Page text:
This species has a preference for dry open habitats with some bare ground, preferably near water. It lays two blotchy light brown eggs on a ground scrape. It is most active at dawn and dusk. The song is a loud pi-pi-pi-pi-pi-pi-pi.

Food is insects, crustaceans and other invertebrates. It will also take other small prey.

Sierra del Mugrón

Sierra del Mugrón is a 16.6 km (10 mi) long mountain range located between the Valle de Cofrentes (Valencian: Vall de Cofrents) comarca, Valencian Community, and Almansa, Castile-La Mancha, Spain. It is an isolated range between the Iberian System and the Cordillera Prebética. Its highest point is 1,209 m. The northern section of this range is within the Ayora (Valencian: Aiora) municipal term, while the southern belongs to Almansa.

There are remains of an Ancient Iberian settlement in Castellar de Meca, between Ayora and Alpera.

This mountain range is a quiet lonely and isolated area with a sizeable amount of wildlife, foremost of which are the wildcat, boar, little bustard, Eurasian stone-curlew, peregrine falcon, European nightjar, black wheatear, common wood pigeon, Dartford warbler, red-legged partridge and Bonelli's eagle.

Stone-curlew

The stone-curlews, also known as dikkops or thick-knees, consist of nine species within the family Burhinidae, and are found throughout the tropical and temperate parts of the world, with two species found in Australia. Despite the group being classified as waders, most species have a preference for arid or semi-arid habitats.

Tibesti Mountains

The Tibesti Mountains are a mountain range in the central Sahara, primarily located in the extreme north of Chad, with a small extension into southern Libya. The highest peak in the range, Emi Koussi, lies to the south at a height of 3,445 metres (11,302 ft) and is the highest point in both Chad and the Sahara. Bikku Bitti, the highest peak in Libya, is located in the north of the range. The central third of the Tibesti is of volcanic origin and consists of five shield volcanoes topped by large craters: Emi Koussi, Tarso Toon, Tarso Voon, Tarso Yega and Toussidé. Major lava flows have formed vast plateaus that overlie Paleozoic sandstone. The volcanic activity was the result of a continental hotspot that arose during the Oligocene and continued in some places until the Holocene, creating fumaroles, hot springs, mud pools and deposits of natron and sulfur. Erosion has shaped volcanic spires and carved an extensive network of canyons through which run rivers subject to highly irregular flows that are rapidly lost to the desert sands.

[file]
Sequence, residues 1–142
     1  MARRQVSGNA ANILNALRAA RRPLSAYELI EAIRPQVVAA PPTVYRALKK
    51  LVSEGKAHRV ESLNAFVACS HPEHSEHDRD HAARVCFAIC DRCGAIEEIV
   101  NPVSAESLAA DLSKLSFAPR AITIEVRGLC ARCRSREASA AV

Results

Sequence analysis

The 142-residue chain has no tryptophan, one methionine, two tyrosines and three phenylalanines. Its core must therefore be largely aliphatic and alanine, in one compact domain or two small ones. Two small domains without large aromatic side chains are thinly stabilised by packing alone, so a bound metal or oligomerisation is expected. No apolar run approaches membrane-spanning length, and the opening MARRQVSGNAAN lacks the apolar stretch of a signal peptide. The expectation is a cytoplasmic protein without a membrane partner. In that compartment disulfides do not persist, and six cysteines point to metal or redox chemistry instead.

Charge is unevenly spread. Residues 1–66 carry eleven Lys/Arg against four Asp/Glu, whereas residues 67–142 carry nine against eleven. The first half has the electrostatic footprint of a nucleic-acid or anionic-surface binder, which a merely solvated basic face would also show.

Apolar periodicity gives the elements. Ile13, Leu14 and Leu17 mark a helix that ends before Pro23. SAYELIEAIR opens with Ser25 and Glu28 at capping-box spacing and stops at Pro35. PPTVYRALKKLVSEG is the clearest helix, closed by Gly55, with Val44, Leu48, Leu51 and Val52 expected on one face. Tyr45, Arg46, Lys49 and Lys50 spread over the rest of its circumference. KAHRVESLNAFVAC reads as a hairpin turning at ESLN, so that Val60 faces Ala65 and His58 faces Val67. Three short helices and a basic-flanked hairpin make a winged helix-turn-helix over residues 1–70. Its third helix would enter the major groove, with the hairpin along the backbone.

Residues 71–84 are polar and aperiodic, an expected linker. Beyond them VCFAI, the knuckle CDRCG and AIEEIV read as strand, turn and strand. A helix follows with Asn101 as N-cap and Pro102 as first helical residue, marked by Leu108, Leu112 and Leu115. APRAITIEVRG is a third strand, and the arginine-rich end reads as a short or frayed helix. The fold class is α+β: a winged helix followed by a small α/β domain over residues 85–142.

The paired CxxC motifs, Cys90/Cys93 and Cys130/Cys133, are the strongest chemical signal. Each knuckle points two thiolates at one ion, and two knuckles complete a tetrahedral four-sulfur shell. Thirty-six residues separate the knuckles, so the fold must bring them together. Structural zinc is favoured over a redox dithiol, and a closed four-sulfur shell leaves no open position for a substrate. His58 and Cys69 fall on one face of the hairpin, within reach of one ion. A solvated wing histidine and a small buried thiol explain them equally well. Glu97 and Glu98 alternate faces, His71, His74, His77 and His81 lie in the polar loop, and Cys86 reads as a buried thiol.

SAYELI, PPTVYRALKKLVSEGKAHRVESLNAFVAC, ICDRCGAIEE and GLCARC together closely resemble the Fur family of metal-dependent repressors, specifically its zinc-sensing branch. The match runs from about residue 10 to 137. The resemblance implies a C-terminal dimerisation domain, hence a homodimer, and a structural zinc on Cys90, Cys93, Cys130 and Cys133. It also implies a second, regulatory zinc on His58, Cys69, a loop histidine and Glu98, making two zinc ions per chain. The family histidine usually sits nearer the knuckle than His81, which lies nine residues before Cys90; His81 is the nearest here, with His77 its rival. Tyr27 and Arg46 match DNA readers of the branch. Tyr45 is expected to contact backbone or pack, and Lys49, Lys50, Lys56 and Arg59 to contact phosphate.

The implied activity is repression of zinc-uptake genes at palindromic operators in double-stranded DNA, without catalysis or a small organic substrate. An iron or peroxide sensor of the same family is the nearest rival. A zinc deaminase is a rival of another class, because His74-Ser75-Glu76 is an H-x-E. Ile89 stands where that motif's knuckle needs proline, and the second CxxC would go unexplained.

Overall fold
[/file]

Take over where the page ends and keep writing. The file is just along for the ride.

Tibesti, which means "place where the mountain people live," is the domain of the Toubou people. The Toubou live mainly along the wadis, on rare oases where palm trees and limited grains grow. They harness the water that collects in gueltas, the supply of which is highly variable from year-to-year and decade-to-decade. The plateaus are used to graze livestock in the winter and harvest grain in the summer. Temperatures are high, although the altitude ensures that the range is cooler than the surrounding desert. The Toubou, who first appeared in the range in the 5th century BC, adapted to these conditions and turned the range into a large natural fortress. They arrived in several waves, taking refuge in times of conflict and dispersing in times of prosperity, although not without intense internal hostility at times.

The Toubou came into contact with the Carthaginians, Berbers, Tuaregs, Ottomans and the Arabs, as well as the French colonists who first entered the range in 1914 and took control of the area in 1929. The independent spirit of the Toubou and the geopolitical situation in the region has complicated the exploration of the range as well as the ascent of its peaks. Tensions continued after Chad and Libya gained independence in the mid-20th century, with hostage-taking and armed struggles occurring amid border disputes over the allocation of natural resources. The geopolitical situation and the lack of infrastructure has hampered the development of tourism.

The Saharomontane flora and fauna, which include the rhim gazelle and Barbary sheep, have adapted to the mountains, yet the climate has not always been as harsh. Greater biodiversity existed in the past, as evidenced by scenes portrayed in rock and parietal art found throughout the range, which date back several millennia, even before the arrival of Toubou. The isolation of the Tibesti has sparked the cultural imagination in both art and literature.

This page is based on a Wikipedia article written by authors (here).
Text is available under the CC BY-SA 3.0 license; additional terms may apply.
Images, videos and audio are available under their respective licenses.